Scott Dixon, Helio Castroneves

Respect drives Penske-Ganassi rivalry – but is that enough?

Leave a comment

Open-wheel racing’s preeminent rivalry is not fueled by bitterness, but by mutual respect.

Team Penske and Target Chip Ganassi Racing have continually challenged each other for glory in the form of race wins and series championships, and in doing so, they have set themselves apart as two of the most successful squads in the history of the sport.

But instead of having their constant struggle for supremacy be tinged by acrimony, Roger Penske and Chip Ganassi’s groups have, by and large, kept things gentlemanly.

Oh, rest assured that they definitely want to beat each other. And there have been the inevitable occasional flare-ups – in fact, the most recent ones came just this past summer with TCGR’s Scott Dixon and Penske’s Will Power involved in twin incidents at Sonoma and then again at Baltimore.

But for the two teams, it all comes back to admiration for their collective ability to contend week in and week out.

“That’s what drives us, to be honest about it, and I think that’s what drives us to be with them race in and race out, wheel to wheel, every weekend, because that’s the measure,” TCGR managing director Mike Hull said during an IndyCar teleconference on Tuesday in advance of Saturday night’s season-ending MAV TV 500 at Auto Club Speedway (8 p.m. ET, NBCSN and NBC Sports Live Extra).

“There are other teams that we race against that do the same job, but what you have to do is you have to create a mindset that you’re going to do the job season in and season out, and that’s what we saw in Penske Racing when we tried to form the organization that we formed.”

In another sign of cordiality, Penske team president Tim Cindric then proceeded to thank Hull for those comments before noting how both teams “have the resources and the ability to attract the best people” and set themselves apart from the rest in the paddock.

“I think that’s the mindset that both groups have, is that second isn’t good enough, and that’s what you need,” Cindric said. “But the difference really is the people that I think both groups have and the continuity that we have with not only our sponsors but our people.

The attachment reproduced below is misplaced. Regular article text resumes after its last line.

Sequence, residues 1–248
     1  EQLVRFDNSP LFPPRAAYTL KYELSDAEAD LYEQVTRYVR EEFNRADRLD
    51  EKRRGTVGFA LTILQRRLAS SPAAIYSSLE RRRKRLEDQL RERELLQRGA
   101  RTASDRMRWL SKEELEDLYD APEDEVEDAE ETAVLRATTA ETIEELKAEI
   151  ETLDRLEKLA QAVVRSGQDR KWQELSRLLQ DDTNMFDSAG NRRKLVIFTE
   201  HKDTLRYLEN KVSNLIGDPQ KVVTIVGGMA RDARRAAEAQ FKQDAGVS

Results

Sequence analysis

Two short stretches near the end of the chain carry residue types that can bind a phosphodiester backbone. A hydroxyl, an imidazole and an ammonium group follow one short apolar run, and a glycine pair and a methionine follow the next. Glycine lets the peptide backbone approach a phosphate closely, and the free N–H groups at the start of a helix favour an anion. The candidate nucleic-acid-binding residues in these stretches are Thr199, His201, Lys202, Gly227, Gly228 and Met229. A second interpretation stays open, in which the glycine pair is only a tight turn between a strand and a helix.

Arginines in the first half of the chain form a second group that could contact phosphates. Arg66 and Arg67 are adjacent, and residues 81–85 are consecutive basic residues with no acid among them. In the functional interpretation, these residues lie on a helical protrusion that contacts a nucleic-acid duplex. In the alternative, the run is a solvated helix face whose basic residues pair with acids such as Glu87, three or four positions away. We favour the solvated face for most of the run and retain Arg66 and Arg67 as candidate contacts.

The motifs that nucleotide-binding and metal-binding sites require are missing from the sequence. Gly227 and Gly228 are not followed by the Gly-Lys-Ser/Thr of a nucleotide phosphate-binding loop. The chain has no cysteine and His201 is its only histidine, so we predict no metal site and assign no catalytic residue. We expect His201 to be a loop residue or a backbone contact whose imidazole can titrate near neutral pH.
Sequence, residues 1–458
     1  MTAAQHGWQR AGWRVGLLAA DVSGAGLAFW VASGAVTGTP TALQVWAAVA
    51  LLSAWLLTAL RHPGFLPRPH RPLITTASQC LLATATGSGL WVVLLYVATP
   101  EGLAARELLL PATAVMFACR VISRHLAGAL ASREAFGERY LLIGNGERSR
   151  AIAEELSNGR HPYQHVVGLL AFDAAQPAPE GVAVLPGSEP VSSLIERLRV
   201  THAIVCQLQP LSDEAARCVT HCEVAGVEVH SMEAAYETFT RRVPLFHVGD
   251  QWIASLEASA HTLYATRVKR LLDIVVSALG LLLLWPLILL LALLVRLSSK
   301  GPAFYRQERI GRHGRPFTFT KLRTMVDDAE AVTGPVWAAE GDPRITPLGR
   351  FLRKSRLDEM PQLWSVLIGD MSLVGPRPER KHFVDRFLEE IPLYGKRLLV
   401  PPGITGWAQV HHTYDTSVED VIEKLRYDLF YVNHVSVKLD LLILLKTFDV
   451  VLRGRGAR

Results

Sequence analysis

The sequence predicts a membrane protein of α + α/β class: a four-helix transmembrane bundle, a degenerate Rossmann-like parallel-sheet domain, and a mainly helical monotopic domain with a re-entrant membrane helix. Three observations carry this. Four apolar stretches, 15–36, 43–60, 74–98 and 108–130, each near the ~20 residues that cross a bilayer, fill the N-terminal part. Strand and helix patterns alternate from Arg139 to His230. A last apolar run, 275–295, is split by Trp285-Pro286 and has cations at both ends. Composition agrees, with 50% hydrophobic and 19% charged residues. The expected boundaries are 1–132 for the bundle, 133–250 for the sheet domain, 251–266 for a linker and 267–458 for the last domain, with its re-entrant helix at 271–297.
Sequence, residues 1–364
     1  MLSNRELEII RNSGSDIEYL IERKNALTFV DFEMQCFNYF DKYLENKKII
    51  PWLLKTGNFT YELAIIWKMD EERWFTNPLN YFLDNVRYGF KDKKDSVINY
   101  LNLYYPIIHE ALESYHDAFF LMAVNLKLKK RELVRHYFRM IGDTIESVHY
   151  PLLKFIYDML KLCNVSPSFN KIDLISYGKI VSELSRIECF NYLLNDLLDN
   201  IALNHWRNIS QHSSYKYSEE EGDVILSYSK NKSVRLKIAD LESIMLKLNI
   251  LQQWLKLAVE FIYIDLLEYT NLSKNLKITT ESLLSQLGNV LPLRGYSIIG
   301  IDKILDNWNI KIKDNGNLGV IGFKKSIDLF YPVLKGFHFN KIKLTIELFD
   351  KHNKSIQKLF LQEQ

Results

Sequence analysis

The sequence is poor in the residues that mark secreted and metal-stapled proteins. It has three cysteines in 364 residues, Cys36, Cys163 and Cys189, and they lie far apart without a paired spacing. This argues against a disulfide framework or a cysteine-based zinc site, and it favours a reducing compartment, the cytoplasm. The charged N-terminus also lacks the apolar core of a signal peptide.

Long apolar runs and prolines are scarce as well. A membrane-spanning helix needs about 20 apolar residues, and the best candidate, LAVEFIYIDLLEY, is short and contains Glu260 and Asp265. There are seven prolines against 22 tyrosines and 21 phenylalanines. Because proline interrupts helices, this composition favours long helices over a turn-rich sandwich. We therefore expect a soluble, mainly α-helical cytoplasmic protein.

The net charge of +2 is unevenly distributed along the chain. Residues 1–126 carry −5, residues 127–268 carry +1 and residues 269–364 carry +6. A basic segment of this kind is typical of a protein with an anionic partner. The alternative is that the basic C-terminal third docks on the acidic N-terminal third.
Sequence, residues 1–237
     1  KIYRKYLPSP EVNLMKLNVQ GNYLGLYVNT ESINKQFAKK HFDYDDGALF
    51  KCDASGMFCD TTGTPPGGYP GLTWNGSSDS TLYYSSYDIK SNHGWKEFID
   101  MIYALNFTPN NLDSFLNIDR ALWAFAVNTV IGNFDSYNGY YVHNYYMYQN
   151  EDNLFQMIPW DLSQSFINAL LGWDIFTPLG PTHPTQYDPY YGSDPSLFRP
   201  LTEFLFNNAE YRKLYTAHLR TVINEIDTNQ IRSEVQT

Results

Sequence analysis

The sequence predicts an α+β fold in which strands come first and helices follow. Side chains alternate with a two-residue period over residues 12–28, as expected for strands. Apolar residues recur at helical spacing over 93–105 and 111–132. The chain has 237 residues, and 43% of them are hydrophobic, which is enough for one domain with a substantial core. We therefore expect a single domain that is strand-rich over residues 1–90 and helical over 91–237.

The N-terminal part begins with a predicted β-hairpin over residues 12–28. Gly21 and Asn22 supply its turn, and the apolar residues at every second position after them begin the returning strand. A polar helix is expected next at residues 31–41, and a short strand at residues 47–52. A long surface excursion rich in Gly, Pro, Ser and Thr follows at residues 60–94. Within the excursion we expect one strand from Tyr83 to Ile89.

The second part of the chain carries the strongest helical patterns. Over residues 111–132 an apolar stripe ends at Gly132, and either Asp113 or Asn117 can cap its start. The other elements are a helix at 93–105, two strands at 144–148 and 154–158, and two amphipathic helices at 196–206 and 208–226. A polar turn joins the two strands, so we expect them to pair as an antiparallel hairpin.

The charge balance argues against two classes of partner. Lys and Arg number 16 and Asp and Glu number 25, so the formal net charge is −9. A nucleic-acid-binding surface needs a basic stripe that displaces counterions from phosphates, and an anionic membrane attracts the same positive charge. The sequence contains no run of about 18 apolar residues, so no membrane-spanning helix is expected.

“The people certainly make the difference because they’re the ones that really execute on race day or they don’t.  But I think the reason why we’re all involved in it really is just the passion we have for the sport.”

Together, the two teams have become the major forces in the IZOD IndyCar Series, winning a combined 60 of 84 races over the last five years. Additionally, they have earned a combined six series championships since 2003; Ganassi has five, Penske has one.

And after Saturday, the Penske/Ganassi bloc will have added a seventh crown over the last decade. Dixon and Penske’s three-time Indianapolis 500 winner Helio Castroneves are the last men standing, with Dixon holding a 25-point lead going into the final race of 2013; a finish of fifth or better at ACS will seal the deal for him.

So, Penske vs. Ganassi is, once again, the title fight. One could think that such a repeated occurrence could lead to a sense of ennui between the teams.

Not so.

“Mike and I have both been on teams that don’t run up at the front, and it just seems so far away,” Cindric explained. “You know, it just seems so difficult to get there, and when you are there, sometimes you get somewhat immune to it and you catch yourself maybe thinking, ‘Hey, is this really worth it or is this really what I signed up to do?'”

“And that thought goes away pretty quickly, because you realize what it’s like to be on the other side of it, and I guess I call it the real world and our world. Once you’ve lived in our world, you really don’t want to go back to the real world.”

No real hatred. No lingering ill will. And, from their perspective, no boredom from locking horns all the time. Emphasizing on-track competition, the Penske-Ganassi rivalry should be considered as one that stacks up nicely against its analogues from the stick-and-ball side of things.

And yet, to many fans within the IndyCar base, the two teams are despised. Perhaps we can blame that on their aforementioned collective dominance. Nobody likes it when somebody wins too often, after all. Ask Jeff Gordon or Sebastian Vettel.

These followers must have taken great delight in seeing how this season began with six different winners in the first seven races. None of those winners came from the Penske or Ganassi teams, and we’ll admit, that was quite intriguing to see.